The drawing below illustrates how similar our ancestor was to bonobos, which indicates that our ancestors followed a similar path of development to the bonobos — so the evidence is that it was through nurturing that we acquired our altruistic moral nature.
In fact, the nurturing explanation for our extraordinary unconditionally selfless, all-loving, social, moral instinctive self or soul is so obvious that only three years after Darwin tentatively ascribed the origin of our ‘social instinct’ to ‘parental’ ‘affections’ (The Descent of Man, 1871, ch.4), it was put forward as a developed theory by the philosopher John Fiske in his 1874 book, Outlines of Cosmic Philosophy: based on the Doctrine of Evolution.
The outstanding question is, why did Fiske’s explanation for the origins of our moral instincts — that was described at the time as being ‘far more important’ than ‘Darwin’s principle of natural selection’ (Dorothy Ross, G. Stanley Hall: The Psychologist as Prophet, 1972, p.262 of 482) and ‘one of the most beautiful contributions ever made to the Evolution of Man‘ (John Drummond, The Ascent of Man, 1894, ch. ‘The Evolution of a Mother’) — virtually vanish from scientific discourse?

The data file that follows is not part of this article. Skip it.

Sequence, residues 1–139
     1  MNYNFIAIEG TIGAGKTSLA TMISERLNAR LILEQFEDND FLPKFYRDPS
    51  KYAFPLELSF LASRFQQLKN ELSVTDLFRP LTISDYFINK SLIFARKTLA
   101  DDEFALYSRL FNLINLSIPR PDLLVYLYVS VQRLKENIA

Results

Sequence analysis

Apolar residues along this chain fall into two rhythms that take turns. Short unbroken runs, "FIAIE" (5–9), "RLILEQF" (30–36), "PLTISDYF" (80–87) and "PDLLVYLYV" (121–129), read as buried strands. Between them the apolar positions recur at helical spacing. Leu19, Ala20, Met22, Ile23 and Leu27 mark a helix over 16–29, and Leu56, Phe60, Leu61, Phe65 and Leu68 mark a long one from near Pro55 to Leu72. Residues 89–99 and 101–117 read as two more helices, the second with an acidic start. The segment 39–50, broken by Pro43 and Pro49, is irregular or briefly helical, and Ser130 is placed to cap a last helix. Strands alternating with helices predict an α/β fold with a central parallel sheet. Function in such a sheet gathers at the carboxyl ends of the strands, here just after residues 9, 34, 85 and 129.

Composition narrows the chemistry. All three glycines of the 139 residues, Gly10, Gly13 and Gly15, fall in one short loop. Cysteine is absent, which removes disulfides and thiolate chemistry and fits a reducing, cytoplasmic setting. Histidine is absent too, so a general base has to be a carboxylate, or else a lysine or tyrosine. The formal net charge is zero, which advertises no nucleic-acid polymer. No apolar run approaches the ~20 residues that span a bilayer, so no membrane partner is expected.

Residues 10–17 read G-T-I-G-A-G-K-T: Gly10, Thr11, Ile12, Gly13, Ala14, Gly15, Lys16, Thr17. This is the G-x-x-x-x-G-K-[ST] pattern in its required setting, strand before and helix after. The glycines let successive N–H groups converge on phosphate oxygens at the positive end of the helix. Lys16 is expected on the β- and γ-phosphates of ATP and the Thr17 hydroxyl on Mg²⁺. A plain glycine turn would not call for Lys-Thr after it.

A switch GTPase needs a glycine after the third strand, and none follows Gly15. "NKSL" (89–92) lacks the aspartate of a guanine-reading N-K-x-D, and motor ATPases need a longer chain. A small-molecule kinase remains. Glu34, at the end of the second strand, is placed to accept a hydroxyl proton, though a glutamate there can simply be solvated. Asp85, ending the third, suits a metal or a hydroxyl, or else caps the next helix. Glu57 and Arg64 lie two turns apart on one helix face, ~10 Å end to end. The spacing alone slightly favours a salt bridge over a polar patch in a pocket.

The answer is that this nurturing explanation has been an unbearably confronting truth for parents trying to nurture their children adequately under the extreme duress of the human condition — a competitive and aggressive state that developed when humans became fully conscious after this time when we lived cooperatively and lovingly in the metaphorical ‘Garden of Eden’ state of original innocence. Our present insecurity about our inability to adequately nurture our children is painfully apparent in this quote from the bestselling children’s author, John Marsden: ‘The biggest crime you can commit in our society is to be a failure as a parent and people would rather admit to being an axe murderer than being a bad father or mother’ (Sunday Life, The Sun-Herald, 7 Jul. 2002).